Polish Heroes: Those Who Rescued Jews

Polish Heroes: Those Who Rescued Jews

January 29,2009

Dr. Przemyslaw Chojnowski: Irena Sendler’s Children

Dr.Chojnowski is the 2008/09 Polish Studies Fulbright Lecturer at the
University of Washington in Seattle. In Poland, he is an Assistant
Professor at the Department of Polish and Classical Philology at the
Adam Mickiewicz University in Poznan. He received his PhD from the
European University Viadrina, Frankfurt (Oder), Germany, where he taught
Polish as a Foreign Language. Professor Chojnowski’s most important
publications, both in Polish and German, are devoted to translations and
reception of Polish literature, Polish-German liaisons, literary
bilingualism, and the poetry of Fr. Jan Twardowski. He is the recipient
of a Research Fellowship of the Catholic Academic Exchange Service
(KAAD) Bonn, Germany.

Dr. Chojnowski’s lecture was devoted to the Polish WWII hero Irena
(also: Irena Sendlerowa, February 15, 1910 – May 12, 2008)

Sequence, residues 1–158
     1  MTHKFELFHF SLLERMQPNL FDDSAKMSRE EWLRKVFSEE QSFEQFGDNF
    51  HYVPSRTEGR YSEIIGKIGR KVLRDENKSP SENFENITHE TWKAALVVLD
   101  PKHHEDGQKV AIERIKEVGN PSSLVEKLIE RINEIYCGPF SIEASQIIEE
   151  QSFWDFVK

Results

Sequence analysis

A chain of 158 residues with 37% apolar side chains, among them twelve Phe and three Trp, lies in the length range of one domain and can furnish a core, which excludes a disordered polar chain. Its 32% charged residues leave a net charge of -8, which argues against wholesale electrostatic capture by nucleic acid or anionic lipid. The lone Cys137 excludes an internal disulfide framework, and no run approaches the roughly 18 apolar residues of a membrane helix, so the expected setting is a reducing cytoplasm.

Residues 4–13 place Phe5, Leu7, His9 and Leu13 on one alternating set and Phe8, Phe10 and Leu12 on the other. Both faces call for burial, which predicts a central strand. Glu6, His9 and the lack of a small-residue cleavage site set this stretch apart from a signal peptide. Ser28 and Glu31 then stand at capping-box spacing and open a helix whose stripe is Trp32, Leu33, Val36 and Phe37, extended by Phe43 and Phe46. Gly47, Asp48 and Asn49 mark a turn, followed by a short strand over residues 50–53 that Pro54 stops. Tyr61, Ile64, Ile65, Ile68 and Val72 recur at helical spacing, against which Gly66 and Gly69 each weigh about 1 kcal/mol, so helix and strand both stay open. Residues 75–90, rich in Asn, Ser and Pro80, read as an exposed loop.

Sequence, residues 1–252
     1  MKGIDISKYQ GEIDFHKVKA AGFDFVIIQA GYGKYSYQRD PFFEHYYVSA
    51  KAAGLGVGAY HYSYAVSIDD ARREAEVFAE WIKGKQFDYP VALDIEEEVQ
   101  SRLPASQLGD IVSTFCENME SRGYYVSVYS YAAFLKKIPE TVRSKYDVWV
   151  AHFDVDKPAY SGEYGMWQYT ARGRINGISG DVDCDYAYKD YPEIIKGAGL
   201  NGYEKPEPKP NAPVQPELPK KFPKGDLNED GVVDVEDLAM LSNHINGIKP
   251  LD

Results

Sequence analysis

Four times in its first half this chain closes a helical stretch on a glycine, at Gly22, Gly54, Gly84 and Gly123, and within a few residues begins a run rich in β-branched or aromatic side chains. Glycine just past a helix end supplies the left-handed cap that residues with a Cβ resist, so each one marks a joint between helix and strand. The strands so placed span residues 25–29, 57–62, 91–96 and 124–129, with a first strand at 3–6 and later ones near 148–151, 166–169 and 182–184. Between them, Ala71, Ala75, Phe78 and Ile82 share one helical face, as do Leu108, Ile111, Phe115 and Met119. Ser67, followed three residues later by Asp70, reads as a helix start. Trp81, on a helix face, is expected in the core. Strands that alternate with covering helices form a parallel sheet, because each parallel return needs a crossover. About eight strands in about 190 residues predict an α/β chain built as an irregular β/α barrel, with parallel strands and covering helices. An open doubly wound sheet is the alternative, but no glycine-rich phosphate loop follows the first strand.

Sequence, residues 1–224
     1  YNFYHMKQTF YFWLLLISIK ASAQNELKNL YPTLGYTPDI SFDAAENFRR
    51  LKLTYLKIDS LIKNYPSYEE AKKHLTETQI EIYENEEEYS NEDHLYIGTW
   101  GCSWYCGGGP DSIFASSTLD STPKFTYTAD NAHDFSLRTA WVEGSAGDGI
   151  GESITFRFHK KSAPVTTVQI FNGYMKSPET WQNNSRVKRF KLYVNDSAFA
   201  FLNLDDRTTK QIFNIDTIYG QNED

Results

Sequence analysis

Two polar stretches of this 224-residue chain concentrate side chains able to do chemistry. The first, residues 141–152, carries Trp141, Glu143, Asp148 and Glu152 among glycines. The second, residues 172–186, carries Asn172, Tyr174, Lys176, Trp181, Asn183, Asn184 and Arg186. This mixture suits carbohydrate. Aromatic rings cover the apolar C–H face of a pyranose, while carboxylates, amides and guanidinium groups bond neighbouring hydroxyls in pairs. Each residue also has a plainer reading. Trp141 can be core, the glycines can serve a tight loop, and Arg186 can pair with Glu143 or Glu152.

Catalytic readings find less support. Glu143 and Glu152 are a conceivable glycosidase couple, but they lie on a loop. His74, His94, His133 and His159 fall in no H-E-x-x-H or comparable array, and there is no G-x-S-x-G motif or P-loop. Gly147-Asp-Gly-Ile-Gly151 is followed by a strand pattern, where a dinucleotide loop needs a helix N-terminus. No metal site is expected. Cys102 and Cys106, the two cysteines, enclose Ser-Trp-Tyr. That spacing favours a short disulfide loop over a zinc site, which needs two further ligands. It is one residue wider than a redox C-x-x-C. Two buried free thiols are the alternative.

who was a Polish Catholic social worker. During the Nazi occupation,
she ran the children’s department of the resistance organization Żegota,
saving about 2,500 Jewish children from death. Risking her life daily,
Ms. Sendler smuggled the children out of the Warsaw Ghetto, providing
false documents and sheltering them in homes, convents, and orphanages.
She made lists of the children’s real names and put them in jars, then
buried the jars in a garden, so that someday she could dig them up and
find the children to tell them of their real identity. In 1943, despite
her arrest, torture, and imprisonment by the Gestapo, she did not
divulge her mission. She was rescued from death by the Polish
underground and went into hiding. For a long time, Irena’s heroism was
unknown to the world, even though she had received recognition from Yad
Vashem in 1965. In 1999, ninth grade high school students from
Uniontown, Kansas, found her story in a magazine and popularized it in a
play titled “Life in a Jar.” In 2007, Irena Sendler was nominated for
the Nobel Peace Prize.

The lecture was followed by a work-in-progress movie, “In the Name of
Their Mothers: The Story of Irena Sendler” by Mary Skinner

The third lecture in the Polish Heroes, Those Who Rescued Jews,
exhibit and lecture series, sponsored by the University of Washington
Polish Studies Endowment Committee (UW PSEC), Consulate General of the
Republic of Poland in Los Angeles, and Washington State Holocaust
Education Resource Center, in cooperation with the University of
Washington’s Ellison Center, History Department, Jewish Studies Program,
and Slavic Department.